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Tuesday, February 28, 2012

Chronic Pain Fuels Boom in Opioids

By John Fauber
Milwaukee Journal Sentinel/MedPage Today
Originally published on February 19, 2012

Prescriptions for narcotic painkillers soared so much over the last decade that by 2010 enough were being dispensed to medicate every adult in the U.S. around-the-clock for a month.

Fueling that surge was a network of pain organizations, doctors, and researchers that pushed for expanded use of the drugs while taking in millions of dollars from the very companies that made them, a Journal Sentinel/MedPage Today investigation found.

Last year, the Journal Sentinel/MedPage Today found that a University of Wisconsin-Madison-based organization had been a national force in helping liberalize the way opioids are prescribed and viewed. During a decade-long campaign that promoted expanded use of opioids -- an agenda that critics say was not supported by rigorous science -- the UW Pain & Policy Studies Group received $2.5 million from makers of opioid analgesics.

After that article was published last April, the UW Pain group said it had decided to stop taking money from the drug industry.


The Pendulum Swings Back

Several of the pain industry's core beliefs about chronic pain and opioids are not supported by good science and contributed to the growing use of the drugs, a Journal Sentinel/MedPage Today review of records and interviews found.

Among the misconceptions:
  • The risk of addiction is low in patients who obtain their narcotic painkillers legitimately.
  • There is no maximum dose of the drugs that can't be safely prescribed.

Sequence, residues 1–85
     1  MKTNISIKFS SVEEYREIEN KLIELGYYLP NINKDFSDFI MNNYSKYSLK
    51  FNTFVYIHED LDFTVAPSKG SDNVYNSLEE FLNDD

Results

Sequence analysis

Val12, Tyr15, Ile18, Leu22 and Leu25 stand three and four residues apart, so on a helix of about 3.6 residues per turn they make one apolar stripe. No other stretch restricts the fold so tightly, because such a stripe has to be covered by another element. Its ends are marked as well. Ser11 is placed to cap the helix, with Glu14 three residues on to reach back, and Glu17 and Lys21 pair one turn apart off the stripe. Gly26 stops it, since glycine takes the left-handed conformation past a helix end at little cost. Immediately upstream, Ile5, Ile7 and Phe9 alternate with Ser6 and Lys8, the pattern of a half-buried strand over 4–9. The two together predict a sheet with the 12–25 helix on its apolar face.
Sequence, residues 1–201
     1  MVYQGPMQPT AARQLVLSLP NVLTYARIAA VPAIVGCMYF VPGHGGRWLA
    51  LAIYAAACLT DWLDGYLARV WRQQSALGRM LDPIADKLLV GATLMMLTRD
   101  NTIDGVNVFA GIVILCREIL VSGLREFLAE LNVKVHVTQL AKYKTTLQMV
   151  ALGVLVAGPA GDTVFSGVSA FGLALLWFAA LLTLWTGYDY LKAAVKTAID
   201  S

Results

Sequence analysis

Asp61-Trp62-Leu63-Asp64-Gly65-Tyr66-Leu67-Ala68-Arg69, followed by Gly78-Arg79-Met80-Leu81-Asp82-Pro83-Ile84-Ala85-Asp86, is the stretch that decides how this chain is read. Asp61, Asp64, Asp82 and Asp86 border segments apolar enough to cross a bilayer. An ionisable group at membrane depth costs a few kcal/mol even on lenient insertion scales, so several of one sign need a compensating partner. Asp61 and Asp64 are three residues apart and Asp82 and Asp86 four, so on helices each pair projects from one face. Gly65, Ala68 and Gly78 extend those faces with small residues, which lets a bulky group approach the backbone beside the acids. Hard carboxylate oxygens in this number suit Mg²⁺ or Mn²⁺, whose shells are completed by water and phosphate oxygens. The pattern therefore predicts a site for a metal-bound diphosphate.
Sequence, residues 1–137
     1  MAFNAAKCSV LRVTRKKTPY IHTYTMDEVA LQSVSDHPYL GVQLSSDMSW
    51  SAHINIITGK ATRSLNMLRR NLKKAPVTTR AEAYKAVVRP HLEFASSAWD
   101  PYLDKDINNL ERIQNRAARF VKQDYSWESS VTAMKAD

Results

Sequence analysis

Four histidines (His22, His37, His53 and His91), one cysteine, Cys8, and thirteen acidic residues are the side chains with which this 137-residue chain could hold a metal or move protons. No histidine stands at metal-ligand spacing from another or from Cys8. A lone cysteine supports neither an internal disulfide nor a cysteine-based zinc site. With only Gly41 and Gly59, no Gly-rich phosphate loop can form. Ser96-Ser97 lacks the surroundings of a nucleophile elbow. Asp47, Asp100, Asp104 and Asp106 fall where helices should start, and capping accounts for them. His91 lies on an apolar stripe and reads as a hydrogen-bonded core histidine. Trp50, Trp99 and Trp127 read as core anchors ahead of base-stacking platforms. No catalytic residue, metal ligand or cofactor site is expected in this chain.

• People who seek more frequent prescriptions or higher doses of the drugs aren't addicts, they are "pseudoaddicts" who just need more pain relief and more opioids.

Underlying those fallacies, critics say, is an even larger one: That the use of narcotic painkillers to treat non-cancer pain lasting many months or years is supported by rigorous science.

Even doctors who have financial relationships with companies that make narcotic painkillers concede that the practice of pain medicine got ahead of the science.
Lynn Webster, MD, a Utah pain specialist who has worked as a consultant and adviser to most of the companies in the opioid analgesic market, said the pain community got some of it wrong.

"We overshot our mark, all well-intended, I believe," Webster, an officer of the American Academy of Pain Medicine, said in an interview. "We certainly have a lot of reverse education that needs to occur."

Some chronic pain sufferers do benefit from the drugs, Webster said.

"The problem is pain is complex," he said. "There is a whole family of opioids and we have not figured out how to best identify the individuals who can benefit long term.

"I don't think industry was trying to harm anyone. I think industry was trying to fill a need that we as physicians saw."

Others say that Webster is too forgiving in his analysis: they claim that the pharmaceutical industry chose profits over patient safety.